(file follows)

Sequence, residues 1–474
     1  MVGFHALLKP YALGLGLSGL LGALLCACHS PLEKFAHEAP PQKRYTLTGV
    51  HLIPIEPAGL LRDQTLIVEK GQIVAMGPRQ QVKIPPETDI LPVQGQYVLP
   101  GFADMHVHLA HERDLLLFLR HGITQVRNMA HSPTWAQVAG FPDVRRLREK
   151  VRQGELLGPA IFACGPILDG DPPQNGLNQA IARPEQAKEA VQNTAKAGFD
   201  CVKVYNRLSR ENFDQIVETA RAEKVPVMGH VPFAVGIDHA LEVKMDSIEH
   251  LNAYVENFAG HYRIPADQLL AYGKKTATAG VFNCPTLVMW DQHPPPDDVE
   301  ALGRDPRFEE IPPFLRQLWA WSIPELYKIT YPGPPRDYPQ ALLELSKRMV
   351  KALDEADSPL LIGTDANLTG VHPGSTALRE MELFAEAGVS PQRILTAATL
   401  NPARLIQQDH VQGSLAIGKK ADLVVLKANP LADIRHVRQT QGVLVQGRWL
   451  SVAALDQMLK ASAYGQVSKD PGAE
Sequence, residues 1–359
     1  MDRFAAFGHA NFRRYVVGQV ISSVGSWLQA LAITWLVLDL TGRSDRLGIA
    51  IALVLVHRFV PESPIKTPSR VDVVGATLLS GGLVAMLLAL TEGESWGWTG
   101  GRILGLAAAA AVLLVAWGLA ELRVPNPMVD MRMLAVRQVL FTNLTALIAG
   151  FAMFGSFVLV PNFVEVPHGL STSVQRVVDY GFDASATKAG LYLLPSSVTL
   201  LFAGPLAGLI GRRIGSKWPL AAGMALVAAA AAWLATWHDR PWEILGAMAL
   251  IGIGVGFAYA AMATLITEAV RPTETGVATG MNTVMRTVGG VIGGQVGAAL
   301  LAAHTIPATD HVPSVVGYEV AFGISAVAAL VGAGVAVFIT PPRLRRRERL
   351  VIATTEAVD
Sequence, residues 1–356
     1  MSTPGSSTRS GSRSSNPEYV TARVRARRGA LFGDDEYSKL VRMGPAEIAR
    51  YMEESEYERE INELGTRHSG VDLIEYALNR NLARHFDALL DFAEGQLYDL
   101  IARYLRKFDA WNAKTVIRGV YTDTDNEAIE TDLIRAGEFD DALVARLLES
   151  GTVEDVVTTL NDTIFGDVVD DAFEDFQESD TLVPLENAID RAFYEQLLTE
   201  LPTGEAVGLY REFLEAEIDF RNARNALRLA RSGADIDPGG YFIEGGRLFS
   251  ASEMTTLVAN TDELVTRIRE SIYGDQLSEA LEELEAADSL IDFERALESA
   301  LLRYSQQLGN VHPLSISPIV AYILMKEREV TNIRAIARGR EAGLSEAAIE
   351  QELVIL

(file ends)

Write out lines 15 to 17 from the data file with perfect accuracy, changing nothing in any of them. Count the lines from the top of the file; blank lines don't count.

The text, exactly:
   101  GRILGLAAAA AVLLVAWGLA ELRVPNPMVD MRMLAVRQVL FTNLTALIAG
   151  FAMFGSFVLV PNFVEVPHGL STSVQRVVDY GFDASATKAG LYLLPSSVTL
   201  LFAGPLAGLI GRRIGSKWPL AAGMALVAAA AAWLATWHDR PWEILGAMAL